Feb 17

Four Steps to a Flawless Transition Announcement

Recently, Sequoia Capital made the decision to shake up its leadership team, a move that can potentially leave a business on rocky ground. New-hire announcements don’t make the most exciting press releases, but don’t underestimate how much is at stake when public-facing companies change leadership roles. Before you utter a single peep, consider all possible reactions from the public, stakeholders, employees, investors and clients. Addressing everyone’s’ concerns is a challenge! Here are four tips to help you master your next transition announcement.

  1. Clarity – Draft an impactful statement using clean, concise language that addresses the five W’s in the very first paragraph.
    1. Who – is leaving and who will be taking the reins?
    2. What – will the vacated role and title change? What is the new reporting structure?
    3. When – will the vacated position be filled immediately?
    4. Where – will the new hire work at company headquarters? Where did he/she come from?
    5. Why – what prompted the transition?
    6. How – manage the expectations and fears of all involved. Address the details behind the significance of the change, its forward-looking strategy and goals.

Joe Ripp, CEO of Time Inc., executed this strategy well when announcing a confusing and potentially concerning structural change within the company. He breaks out the different departments and outlines in detail exactly what will change within each and WHY – which is unusual and quite refreshing. 

  1. Honesty – Jim Goetz, the exiting partner at Sequoia Capital, is straightforward about his reasons for leaving. He needs time to fulfill his own dreams outside of Sequoia, and he is making way for his successor, Roelof Botha, to come in and make the role his own. He asserts that Sequioa has evolved and exceeded expectations by embracing change and innovation, and that empowering the next generation is critical to ensure the longevity of Sequoia’s success. The announcement leaves stakeholders with an understanding of the firm’s culture and insight into how this change feeds the greater benefit of the company. It also leaves no doubts to Goetz’s whereabouts – his absence will be temporary in order to allow for a smooth transition, but he will be back to serve on the board. Addressing stakeholders’ natural questions upfront is one of the best ways to put fears and concerns to rest. Bonus tip: a little enthusiasm can go a long way.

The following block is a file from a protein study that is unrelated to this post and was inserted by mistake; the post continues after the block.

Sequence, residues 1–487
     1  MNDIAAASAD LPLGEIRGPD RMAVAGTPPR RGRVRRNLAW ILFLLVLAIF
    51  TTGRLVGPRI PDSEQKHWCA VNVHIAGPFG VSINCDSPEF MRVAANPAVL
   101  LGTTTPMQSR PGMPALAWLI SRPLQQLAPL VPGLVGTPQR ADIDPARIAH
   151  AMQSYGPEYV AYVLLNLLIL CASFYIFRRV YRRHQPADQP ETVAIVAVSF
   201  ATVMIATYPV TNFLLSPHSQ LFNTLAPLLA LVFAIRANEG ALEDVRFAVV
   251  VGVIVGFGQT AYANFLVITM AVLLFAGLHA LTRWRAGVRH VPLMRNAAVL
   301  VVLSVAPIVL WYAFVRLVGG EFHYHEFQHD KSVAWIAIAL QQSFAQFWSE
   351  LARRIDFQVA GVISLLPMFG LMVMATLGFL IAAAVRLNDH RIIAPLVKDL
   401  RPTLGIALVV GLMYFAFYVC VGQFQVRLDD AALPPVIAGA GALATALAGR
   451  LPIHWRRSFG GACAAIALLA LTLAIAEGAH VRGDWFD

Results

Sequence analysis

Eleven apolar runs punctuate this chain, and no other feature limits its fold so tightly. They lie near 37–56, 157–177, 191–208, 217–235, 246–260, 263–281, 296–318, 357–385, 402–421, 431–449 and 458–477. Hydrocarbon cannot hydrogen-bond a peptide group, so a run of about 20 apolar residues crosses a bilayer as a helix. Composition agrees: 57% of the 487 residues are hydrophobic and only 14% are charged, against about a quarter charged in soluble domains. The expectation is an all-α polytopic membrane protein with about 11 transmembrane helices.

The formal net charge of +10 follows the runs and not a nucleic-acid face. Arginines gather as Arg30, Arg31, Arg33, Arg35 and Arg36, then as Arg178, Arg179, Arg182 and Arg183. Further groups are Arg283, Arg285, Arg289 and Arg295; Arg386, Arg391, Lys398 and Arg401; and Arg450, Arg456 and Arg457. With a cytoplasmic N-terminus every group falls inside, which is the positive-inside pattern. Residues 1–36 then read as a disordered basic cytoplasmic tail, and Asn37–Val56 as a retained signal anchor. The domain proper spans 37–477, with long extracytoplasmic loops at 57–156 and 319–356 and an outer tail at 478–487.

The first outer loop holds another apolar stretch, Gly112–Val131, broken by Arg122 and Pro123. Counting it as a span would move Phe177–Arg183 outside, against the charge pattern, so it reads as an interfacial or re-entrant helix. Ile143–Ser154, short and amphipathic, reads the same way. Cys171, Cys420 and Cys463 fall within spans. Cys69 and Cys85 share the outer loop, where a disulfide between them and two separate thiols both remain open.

1. Newsworthy– Deloitte’s 2015 announcement that Cathy Engelbert would become “the first female CEO of a major audit and consulting firm in the U.S.” turned a cut-and-dry announcement into an empowering news story that attracted considerable industry media attention. Obviously this can’t be done with every CEO (particularly those of the older, white male variety), but highlighting a differentiator in the first line is a brilliant PR strategy. A good news hook shifts attention away from any potential upheaval within a company in transition, and presents a fresh angle from which to cover the story.
  1. Personality – If you don’t have a story, make one. To enhance a digital marketing campaign, Choice Hotels created a new position with an unorthodox title: The Ultimate People Person. The announcement is consistent with the brand’s personality, using concise language and vivid imagery (photos are necessary, but often overlooked in transition announcements!). A custom hashtag campaign, #ChoicePeoplePerson, gives the audience a venue by which to comment on the news, and more importantly, enables the company to gauge interest and quantify feedback. It also provides an avenue to follow up with commentators, turning an announcement into a conversation. The release lays out exactly what the new Choice People Person’s role will entail (traveling between the hotel chain’s international luxury resorts), and invites readers to follow along, participate in online community conversations, and of course, live vicariously.

Contrary to popular practice, a transitional phase doesn’t have to be confusing to stakeholders, boring to media or chaotic for employees. No matter what’s really going on behind the scenes, your company will benefit from presenting a positive, well-executed transition announcement that drives a deeper connection with your audience. When your new CEO starts off on the right foot, you might even get some bonus points – or a promotion to the company Ultimate People Person.

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